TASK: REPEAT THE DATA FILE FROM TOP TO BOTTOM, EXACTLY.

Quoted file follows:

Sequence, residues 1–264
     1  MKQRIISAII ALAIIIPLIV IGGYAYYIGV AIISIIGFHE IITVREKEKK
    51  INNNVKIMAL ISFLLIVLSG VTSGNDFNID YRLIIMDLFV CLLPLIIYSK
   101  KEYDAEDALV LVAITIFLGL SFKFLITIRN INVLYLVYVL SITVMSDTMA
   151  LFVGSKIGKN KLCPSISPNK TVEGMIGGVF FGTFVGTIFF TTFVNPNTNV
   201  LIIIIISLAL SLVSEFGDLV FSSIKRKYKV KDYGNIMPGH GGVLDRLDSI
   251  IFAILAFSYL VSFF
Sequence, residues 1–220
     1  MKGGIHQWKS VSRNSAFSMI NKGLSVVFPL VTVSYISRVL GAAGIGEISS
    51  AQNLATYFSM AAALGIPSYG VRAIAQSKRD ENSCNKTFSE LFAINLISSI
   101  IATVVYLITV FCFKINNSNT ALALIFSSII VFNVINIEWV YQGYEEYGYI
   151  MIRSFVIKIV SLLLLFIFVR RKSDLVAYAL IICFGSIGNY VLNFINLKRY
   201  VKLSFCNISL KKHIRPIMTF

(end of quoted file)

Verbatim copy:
Sequence, residues 1–264
     1  MKQRIISAII ALAIIIPLIV IGGYAYYIGV AIISIIGFHE IITVREKEKK
    51  INNNVKIMAL ISFLLIVLSG VTSGNDFNID YRLIIMDLFV CLLPLIIYSK
   101  KEYDAEDALV LVAITIFLGL SFKFLITIRN INVLYLVYVL SITVMSDTMA
   151  LFVGSKIGKN KLCPSISPNK TVEGMIGGVF FGTFVGTIFF TTFVNPNTNV
   201  LIIIIISLAL SLVSEFGDLV FSSIKRKYKV KDYGNIMPGH GGVLDRLDSI
   251  IFAILAFSYL VSFF
Sequence, residues 1–220
     1  MKGGIHQWKS VSRNSAFSMI NKGLSVVFPL VTVSYISRVL GAAGIGEISS
    51  AQNLATYFSM AAALGIPSYG VRAIAQSKRD ENSCNKTFSE LFAINLISSI
   101  IATVVYLITV FCFKINNSNT ALALIFSSII VFNVINIEWV YQGYEEYGYI
   151  MIRSFVIKIV SLLLLFIFVR RKSDLVAYAL IICFGSIGNY VLNFINLKRY
   201  VKLSFCNISL KKHIRPIMTF